Wednesday, 21 January 2015

A Horse by Committee: Why Camels are Actually Amazing

Devoting a whole article to one animals is a little out of character for Sketchy Science. With a few exceptions that were screaming out to be explained (the disgusting lives of sloths, the indestructible tardigrades) we tend to relegate interesting facts about well-known animals to the world of Sketchy Facts. The thing is, if we tried to do that with camels, our loyal readers would miss out on a more complete understanding of one of the most incredible animals on the planet.

You often hear that a camel is just a horse designed by committee, meaning that the focus was on the details at the expense of the beauty and functionality of the overall animal. Despite the fact that no animal is designed at all, there are other reasons that this cliché is just dead wrong. All those details evolved over millions of years to make camels almost ridiculously well-suited to their environments (which, as we will see, vary insanely) and have left these creatures with a capacity to surprise that is beyond belief.

If you think you know about camels, odds are you haven’t even scratched the surface (unless you are some sort of camel biologist). Even the things the average person thinks they know about camels are just plain wrong. For example, a camels hump doesn’t store water. If it did, humps would jiggle around like elevated waterbeds with every step the animal took. In reality, the camel’s most defining feature is a massive mound of fat that can weigh as much as 80 lbs (41 kg). Having all their body fat in one place means the rest of the camel’s body is super-efficient at shedding heat, a handy adaptation to desert life. Their humps also contribute to their ability to go weeks without a real meal. They can use their humps as fuel (which is all fat really is anyway) and the longer they go without food, the more shriveled their humps get.

So if their humps aren’t thirst quenching reservoirs, how do camels go so long without drinking anything? As it turns out, camels are not the arid-loving beings we all think they are. It is true that some camels can go months without drinking water, but how they do it has less to do with storage and more to do with economy. The camels that can go seemingly forever on grass alone are the ones that are adapted to the cold areas of the Mongolian steppe. Since mammals lose most of our moisture when our bodies overheat, cold weather is a great mechanism to holding in water. As a side note: scientists think that camels actually evolved in the Canadian arctic before migrating to Asia during the last ice age. Camels also have another wacky, water-saving adaptation that is far less obvious.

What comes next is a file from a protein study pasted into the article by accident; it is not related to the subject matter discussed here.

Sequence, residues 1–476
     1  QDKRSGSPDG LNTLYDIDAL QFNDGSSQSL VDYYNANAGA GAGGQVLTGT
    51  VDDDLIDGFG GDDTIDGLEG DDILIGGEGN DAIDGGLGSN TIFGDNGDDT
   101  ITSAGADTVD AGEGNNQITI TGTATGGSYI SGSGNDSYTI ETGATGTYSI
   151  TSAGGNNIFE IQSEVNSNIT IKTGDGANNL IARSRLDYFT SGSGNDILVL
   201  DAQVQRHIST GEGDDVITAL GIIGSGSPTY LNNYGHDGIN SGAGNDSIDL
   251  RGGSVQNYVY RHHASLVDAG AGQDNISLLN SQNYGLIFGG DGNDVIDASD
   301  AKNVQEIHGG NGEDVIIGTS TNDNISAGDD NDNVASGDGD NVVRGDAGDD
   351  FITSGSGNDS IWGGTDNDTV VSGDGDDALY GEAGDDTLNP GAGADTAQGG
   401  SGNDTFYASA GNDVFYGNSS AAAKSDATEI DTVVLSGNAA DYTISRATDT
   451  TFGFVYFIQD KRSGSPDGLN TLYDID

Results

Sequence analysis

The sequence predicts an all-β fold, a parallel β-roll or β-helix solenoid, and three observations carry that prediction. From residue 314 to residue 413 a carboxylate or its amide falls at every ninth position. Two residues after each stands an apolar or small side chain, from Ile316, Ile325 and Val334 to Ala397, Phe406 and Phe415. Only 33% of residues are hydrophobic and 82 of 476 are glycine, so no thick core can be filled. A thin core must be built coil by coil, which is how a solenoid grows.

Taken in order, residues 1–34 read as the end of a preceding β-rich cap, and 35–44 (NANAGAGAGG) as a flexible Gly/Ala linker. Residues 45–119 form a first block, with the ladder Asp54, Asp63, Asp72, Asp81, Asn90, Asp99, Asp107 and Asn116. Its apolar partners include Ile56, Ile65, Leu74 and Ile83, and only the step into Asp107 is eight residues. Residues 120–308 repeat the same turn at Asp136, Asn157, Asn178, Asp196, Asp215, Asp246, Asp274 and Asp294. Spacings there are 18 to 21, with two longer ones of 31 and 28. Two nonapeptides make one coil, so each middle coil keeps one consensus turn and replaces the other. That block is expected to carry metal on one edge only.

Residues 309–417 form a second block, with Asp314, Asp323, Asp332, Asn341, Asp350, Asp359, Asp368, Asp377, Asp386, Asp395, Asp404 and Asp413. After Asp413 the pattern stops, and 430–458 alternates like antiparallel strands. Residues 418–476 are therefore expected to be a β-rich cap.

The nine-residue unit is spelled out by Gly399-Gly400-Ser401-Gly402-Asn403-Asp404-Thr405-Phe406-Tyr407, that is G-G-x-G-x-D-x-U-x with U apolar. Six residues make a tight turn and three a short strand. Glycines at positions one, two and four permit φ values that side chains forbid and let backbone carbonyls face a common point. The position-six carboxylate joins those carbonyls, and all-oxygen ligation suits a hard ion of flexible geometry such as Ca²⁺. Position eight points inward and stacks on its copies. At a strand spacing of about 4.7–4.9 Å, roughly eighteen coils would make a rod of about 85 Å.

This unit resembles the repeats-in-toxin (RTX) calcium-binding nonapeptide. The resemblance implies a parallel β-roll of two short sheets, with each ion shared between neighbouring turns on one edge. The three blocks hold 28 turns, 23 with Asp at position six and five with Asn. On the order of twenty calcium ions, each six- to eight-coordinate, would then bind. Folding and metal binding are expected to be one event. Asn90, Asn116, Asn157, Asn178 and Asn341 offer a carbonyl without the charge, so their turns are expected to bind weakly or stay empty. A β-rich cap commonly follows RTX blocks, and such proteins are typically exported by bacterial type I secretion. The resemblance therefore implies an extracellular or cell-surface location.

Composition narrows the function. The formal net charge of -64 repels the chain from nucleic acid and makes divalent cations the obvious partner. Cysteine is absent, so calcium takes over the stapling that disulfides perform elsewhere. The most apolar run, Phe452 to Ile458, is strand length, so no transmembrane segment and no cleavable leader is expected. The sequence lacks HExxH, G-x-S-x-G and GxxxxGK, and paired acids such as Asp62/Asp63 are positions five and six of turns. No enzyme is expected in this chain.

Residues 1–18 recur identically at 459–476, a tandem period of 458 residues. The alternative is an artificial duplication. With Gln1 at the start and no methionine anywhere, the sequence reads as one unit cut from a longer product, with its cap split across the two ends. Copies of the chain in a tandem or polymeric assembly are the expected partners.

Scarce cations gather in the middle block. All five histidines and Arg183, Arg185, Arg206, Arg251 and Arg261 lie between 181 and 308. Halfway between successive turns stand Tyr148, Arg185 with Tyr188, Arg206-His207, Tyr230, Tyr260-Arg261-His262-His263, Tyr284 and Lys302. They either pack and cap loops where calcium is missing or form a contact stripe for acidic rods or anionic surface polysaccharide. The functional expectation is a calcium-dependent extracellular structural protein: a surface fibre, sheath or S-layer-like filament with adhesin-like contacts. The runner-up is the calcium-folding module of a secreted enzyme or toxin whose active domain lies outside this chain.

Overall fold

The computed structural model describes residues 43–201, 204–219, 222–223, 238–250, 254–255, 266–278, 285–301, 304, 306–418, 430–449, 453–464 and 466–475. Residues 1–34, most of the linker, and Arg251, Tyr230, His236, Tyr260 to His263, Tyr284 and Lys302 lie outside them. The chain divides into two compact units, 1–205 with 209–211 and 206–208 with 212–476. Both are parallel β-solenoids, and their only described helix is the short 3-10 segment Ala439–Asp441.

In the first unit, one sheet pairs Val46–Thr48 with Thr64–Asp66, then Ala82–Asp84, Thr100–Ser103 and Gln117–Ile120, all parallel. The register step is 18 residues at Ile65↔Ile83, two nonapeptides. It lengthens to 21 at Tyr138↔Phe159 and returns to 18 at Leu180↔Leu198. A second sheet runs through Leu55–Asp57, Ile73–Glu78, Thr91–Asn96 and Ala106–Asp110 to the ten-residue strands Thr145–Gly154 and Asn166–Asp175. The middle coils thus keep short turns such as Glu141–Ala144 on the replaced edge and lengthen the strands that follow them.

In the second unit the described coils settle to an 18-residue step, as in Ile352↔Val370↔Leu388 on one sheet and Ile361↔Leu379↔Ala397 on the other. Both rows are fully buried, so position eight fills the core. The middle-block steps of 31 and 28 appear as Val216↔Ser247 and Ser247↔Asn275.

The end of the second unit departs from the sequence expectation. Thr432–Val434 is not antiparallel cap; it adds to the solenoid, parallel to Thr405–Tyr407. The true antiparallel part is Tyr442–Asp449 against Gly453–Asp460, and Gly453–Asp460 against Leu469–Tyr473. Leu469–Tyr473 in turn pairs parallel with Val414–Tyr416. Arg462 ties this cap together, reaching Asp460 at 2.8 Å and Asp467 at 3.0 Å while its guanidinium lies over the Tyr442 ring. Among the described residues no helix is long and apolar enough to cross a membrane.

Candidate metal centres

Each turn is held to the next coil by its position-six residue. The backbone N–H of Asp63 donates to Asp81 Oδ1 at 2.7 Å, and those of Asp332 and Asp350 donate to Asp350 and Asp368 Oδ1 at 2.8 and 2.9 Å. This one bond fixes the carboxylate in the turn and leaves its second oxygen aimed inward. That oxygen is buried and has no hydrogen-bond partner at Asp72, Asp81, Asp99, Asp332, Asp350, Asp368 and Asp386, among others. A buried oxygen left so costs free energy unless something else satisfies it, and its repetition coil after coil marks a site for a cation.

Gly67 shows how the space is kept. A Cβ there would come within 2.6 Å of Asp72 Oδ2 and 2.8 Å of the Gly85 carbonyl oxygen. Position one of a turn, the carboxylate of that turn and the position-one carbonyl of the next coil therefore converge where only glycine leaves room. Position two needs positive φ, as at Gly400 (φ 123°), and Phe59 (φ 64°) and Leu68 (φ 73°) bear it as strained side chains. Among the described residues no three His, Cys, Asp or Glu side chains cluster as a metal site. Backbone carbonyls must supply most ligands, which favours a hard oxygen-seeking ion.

If you looked at camel blood under a microscope and compared it to the blood of, say, a wombat or Bratt Pitt you would notice that the camels red blood cells look warped in the manner of a Salvador Dali painting. Camel’s red blood cells are oval (egg) shaped whereas most mammals have circular cells. The cool thing about oblong blood cells is that they can keep flowing easily, even when the liquid they flow through (plasma) starts to dry up. Their blood cells can also expand to 240% their normal size to hold water without bursting compared to 150% in most mammals. In the end, the blood cells do the trick that most people credit the humps with.

The other thing camels have going for them in terms of water conservation is that their body temperatures can vary wildly before their start to feel any stress. Humans start to feel sick if our core temperature fluctuates more than a few degrees, but camels are comfortable with an internal temperature anywhere from 33 to 40 degrees C (93 to 105 F). They accomplish this with another amazing adaptation: the ability to cool their brains independently from the rest of their bodies. Camels use their massive, cavernous nasal cavities to cool blood before it enters their brains, protecting neurons from heat damage. The veins in their heads are also located right up next to their arteries, allowing the oxygen depleted (and cooler) venous blood to absorb some of the heat from the arteries fueling the brain.

Finally, while we are hanging out in the camel’s head, there is one last crazy thing we should check out before calling it a day. If we manage to prop open the camel’s mouth without getting spit on (camel spit is actually a mix of their stomach contents and saliva, used to ward of predators) most of us will probably recoil in fear at the sight of what appear to be inch long fleshy spiked sticking out of the animal’s cheeks. The inside of a camel’s mouth looks like some kind of alien bear-trap, but those spikes are just another awesome adaptation. The “papillai” as they are called are just grotesquely enlarged versions of the same structures that human taste buds grow on. For camels, they help direct chewy food items like sticks and leaves to the stomach while protecting the cheeks and throat from damage. When you live in the desert you have to take whatever food you can get.

Hopefully you found this tangent-filled exploration of one of nature’s most amazing animals interesting and ideally you will remember all the incredible things about these misunderstood animals next time you are tempted to use a judgey cliché. Lest ye get spit on. 

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